The two solutions to a quadratic equation will be conjugates, which is easiest to see when using the quadratic formula to solve. The common use of ± instead of writing separate solutions can mask the idea (for some students) that the two solutions will be equal distances from the line of symmetry x = –b/2a.

5. Geometry Pairs

Our final set of powerful pairs are some wonderful angle pairs in Geometry. Here we use the term “complements” again, since Complementary Angles are a pair that add up to 90°. Complementary angles can be made by partitioning a right angle, but they also appear separately, such as the two acute angles in a right triangle (angles A and B in the triangle below).

Supplementary Angles are a pair that add up to 180°. If supplementary angles are adjacent (having a common side) then they are called Linear Pair Angles like these angles 1 and 2, making a Straight Angle. Linear Pair angles and Vertical Angles are two useful angle pairs that can be assumed from a diagram without other markings^{§}, astute Geometry students know. Non-adjacent supplements pop up inside trapezoids and parallelograms (or anywhere parallel lines are cut by a transversal).

I wondered if there was a name for angles that add up to 360° since that is another useful pair that shows up when we study circles. Indeed, there is! They are called either Conjugate Angles or Explementary Angles^{¤}: each one is the Explement of the other and create a Complete Angle. When two arcs of a circle have the same endpoints and don’t overlap (one is the major arc, the other is the minor arc), they are called Conjugate Arcs and add up to 360° because they create a complete circle. Minor arc IJ and major arc IKJ are conjugate arcs in the circle below.

What a list we’ve covered of pairs of numbers that add to 1, 10, 100%, 90°, 180°, 360° and more! Even if you don’t remember all the names for these powerful pairs, the important thing is to be able to use them productively for doing math!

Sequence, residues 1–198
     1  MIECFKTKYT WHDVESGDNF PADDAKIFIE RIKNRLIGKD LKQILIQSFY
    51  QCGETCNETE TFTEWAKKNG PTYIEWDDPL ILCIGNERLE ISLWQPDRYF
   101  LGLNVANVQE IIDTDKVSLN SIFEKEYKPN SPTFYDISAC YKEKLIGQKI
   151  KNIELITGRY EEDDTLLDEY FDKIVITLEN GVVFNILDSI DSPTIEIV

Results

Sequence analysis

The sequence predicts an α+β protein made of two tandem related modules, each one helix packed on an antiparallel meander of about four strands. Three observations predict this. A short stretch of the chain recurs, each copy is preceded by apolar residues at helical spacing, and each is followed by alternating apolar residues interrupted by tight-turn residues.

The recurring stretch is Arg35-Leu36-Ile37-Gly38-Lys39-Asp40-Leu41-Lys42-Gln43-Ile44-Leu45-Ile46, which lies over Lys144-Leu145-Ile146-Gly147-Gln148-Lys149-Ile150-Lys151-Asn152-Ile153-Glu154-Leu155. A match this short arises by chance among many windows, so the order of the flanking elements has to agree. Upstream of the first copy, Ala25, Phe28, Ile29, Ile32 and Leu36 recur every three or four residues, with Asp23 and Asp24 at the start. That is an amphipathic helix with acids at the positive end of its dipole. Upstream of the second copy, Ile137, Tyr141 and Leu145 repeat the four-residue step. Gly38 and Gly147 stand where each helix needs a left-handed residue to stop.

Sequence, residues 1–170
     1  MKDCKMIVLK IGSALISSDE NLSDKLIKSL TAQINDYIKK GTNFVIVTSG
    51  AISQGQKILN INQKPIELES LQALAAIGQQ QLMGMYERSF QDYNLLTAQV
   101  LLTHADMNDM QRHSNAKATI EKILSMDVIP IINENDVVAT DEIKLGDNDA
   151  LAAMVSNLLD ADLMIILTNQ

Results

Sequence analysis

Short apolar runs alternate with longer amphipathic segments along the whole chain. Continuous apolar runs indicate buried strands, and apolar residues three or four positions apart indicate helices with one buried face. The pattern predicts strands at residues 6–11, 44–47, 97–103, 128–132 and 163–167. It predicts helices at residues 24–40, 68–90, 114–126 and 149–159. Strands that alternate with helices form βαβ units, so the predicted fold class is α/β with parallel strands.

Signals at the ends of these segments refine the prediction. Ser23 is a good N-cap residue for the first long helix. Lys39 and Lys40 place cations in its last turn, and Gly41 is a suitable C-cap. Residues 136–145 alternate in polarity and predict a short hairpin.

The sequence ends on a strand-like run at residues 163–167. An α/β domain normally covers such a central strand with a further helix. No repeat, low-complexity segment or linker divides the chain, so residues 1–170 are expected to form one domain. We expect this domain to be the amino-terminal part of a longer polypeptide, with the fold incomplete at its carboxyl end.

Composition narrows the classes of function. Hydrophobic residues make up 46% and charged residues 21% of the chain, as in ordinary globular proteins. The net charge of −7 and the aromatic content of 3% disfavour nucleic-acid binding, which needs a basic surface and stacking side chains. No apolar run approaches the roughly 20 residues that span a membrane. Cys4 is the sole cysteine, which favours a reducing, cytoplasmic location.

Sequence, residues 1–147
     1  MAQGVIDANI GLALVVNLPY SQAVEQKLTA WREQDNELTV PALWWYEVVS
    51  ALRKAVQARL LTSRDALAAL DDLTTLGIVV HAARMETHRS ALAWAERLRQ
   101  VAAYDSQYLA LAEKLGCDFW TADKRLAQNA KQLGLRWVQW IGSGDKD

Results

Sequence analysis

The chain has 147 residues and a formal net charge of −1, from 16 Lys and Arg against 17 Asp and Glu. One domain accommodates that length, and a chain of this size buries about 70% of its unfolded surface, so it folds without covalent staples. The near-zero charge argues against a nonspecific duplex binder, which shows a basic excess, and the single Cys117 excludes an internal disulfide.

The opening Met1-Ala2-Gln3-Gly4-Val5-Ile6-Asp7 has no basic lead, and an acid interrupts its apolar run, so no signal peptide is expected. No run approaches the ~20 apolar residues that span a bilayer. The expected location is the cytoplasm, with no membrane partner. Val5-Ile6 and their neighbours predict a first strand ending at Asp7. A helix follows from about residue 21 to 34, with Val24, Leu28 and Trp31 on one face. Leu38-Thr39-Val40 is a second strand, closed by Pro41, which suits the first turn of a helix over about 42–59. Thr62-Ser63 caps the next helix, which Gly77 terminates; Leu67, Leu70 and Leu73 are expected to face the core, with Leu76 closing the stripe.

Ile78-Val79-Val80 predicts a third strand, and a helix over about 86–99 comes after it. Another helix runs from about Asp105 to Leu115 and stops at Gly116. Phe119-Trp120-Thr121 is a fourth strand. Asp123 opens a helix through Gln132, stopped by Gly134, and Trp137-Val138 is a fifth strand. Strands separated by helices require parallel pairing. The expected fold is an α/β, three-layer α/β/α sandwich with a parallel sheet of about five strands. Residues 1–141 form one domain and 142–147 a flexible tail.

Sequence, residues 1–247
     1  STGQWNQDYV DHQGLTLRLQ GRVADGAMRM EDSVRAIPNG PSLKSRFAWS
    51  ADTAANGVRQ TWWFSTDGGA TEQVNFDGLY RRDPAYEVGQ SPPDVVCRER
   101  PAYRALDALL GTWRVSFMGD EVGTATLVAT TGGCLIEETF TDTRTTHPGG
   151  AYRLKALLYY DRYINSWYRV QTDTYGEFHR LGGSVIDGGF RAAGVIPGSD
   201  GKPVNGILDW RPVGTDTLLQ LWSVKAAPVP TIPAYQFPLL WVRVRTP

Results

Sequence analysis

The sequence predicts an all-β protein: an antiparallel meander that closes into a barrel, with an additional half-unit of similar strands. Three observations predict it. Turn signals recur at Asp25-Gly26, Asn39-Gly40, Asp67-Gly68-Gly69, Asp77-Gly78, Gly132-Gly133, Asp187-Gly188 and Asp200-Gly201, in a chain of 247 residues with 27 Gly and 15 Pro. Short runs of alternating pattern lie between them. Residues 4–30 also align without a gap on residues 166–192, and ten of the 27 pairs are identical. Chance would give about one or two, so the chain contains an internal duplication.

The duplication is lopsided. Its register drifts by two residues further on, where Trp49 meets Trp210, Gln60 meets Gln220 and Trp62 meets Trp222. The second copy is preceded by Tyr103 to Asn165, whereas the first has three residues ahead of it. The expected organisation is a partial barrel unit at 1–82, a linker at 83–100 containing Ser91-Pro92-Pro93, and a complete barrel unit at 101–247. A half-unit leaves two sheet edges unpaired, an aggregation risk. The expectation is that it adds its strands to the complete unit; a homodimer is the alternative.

Notes & Resources

The original tweet from Jenna is here and from Susan is here.

*Addend pairs that equal 10 are a Kindergarten standard: CCSS-M-K.OA.4 For any number from 1 to 9, find the number that makes 10 when added to the given number.

**These factor pairs are modeled with number tiles available on the Mathigon Polypad at https://mathigon.org/polypad. Their game Factris is a great way to practice factor pairs visually, but be warned, it’s addictive!

† This phrasing came from Beth Hentges (@bethhentges) who noticed that the Spanish verb for playing is part of the word conjugate in this tweet.

‡ The difference of two squares pattern has always been part of the Algebra 1 curriculum, but the binomials that they factor into are rarely called conjugates at this level. I have been using the term both as a preview for later math classes, and also for its power to highlight the useful pattern.

§ Vertical angles and linear pair angles are two of the most useful angle pairs in geometry because these relationships hold true anytime lines intersect. When students are studying angles formed by parallel lines and a transversal, they need to learn several new angle relationships. I find it helpful to distinguish between the properties that are true even when the lines aren’t parallel, from the properties that are only true when the lines are parallel.

¤ These and other terms were defined in The Penguin Dictionary of Mathematics 2nd Edition, edited by David Nelson (Penguin: 1998). Another helpful source is The Words of Mathematics: An Etymological Dictionary of Mathematical Terms used in English by Steven Schwartzman (MAA: 1994).

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It’s that time of year again, when Valentine’s Day candy is all over store shelves. Grab some “conversation hearts” – SweeTart™ Hearts are my favorite – and explore exponential models with your students!

Candy Conversation Hearts

EXPONENTIAL GROWTH

First, let’s model exponential growth. Begin with 5 conversation hearts in a small cup for each student or group. The independent variable is “Toss Number” and the dependent variable is “Total Candy” as shown in the data collection table below. Before any tosses have happened, we have 5 candies, so fill in 5 in the top row.

Toss the candy (gently) onto a flat surface. Count the number of candies with writing FACE UP, and add that many more to the original 5. So if 2 hearts show writing, add 2 more candies to the cup, and record 7 total for toss number 1. Toss the new total candies onto the table, count the number with writing face up, add in that number of candies, and record the new total.